The impact of mood, anxiety, and sleep disorders on fibromyalgia
Comprehensive Psychiatry, 04/27/2012Consoli G et al.
Psychiatric comorbidity, in particular with mood disorders, provokes a significant impairment of the health–related quality of life and, when current, a higher severity of pain in fibromyalgia patients.
One-hundred and sixty-seven women suffering from primary FM were consecutively enrolled.
Psychiatric diagnoses were made by means of DSM-IV criteria.
The HRQoL and the severity of pain were measured through the Medical Outcomes Study 36-item Short-Form Health Survey (MOS-SF-36) and the FM Impact Questionnaire (FIQ).
Fibromyalgia patients showed a high rate (80.8%) of lifetime and/or current comorbidity with mood and anxiety disorders.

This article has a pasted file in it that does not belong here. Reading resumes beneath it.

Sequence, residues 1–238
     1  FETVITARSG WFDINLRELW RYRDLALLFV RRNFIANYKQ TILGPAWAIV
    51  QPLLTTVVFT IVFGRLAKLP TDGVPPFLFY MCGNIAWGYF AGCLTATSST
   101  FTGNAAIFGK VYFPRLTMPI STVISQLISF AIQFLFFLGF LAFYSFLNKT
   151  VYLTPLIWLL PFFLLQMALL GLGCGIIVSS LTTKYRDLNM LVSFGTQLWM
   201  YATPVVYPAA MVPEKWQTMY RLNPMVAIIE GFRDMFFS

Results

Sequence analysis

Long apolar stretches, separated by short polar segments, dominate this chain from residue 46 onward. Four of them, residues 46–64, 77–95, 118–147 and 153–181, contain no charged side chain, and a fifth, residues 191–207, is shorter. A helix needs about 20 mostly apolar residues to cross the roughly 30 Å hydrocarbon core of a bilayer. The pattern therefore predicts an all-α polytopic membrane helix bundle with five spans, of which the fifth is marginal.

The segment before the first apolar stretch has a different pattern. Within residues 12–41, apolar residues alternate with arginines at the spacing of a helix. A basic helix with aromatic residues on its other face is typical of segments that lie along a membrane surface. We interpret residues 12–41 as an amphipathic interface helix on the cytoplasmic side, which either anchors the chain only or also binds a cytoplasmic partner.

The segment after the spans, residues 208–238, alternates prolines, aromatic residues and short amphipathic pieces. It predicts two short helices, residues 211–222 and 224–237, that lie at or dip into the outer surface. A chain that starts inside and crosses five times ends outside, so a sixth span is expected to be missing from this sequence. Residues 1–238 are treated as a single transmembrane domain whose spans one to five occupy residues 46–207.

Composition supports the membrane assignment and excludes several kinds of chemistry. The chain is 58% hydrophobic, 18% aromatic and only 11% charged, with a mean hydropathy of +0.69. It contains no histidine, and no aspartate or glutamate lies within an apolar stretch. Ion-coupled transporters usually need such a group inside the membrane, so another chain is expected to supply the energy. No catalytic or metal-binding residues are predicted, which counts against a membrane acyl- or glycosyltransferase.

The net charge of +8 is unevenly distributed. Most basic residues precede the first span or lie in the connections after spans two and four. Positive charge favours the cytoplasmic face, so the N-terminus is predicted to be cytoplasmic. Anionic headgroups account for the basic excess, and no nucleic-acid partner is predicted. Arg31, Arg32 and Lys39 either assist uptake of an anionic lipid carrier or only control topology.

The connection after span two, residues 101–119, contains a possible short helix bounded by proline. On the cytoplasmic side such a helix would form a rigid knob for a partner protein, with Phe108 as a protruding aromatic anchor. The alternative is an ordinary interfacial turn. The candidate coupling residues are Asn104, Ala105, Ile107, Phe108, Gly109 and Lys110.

Patients with psychiatric comorbidity resulted significantly more impaired on the Mental Component Summary score of the MOS-SF-36 and showed a higher FIQ total score than those suffering from FM only.
The severity of pain was associated with current psychiatric comorbidity.
Patients with current mood disorders showed significantly lower Mental and Physical Component Summary scores of the MOS-SF-36 and higher FIQ total scores than those with current anxiety disorders or those without psychiatric comorbidity.
Finally, patients with sleep disorders reported a lower HRQoL than those with a normal sleep, and specifically those with difficulty in falling in sleep had higher severity of pain.
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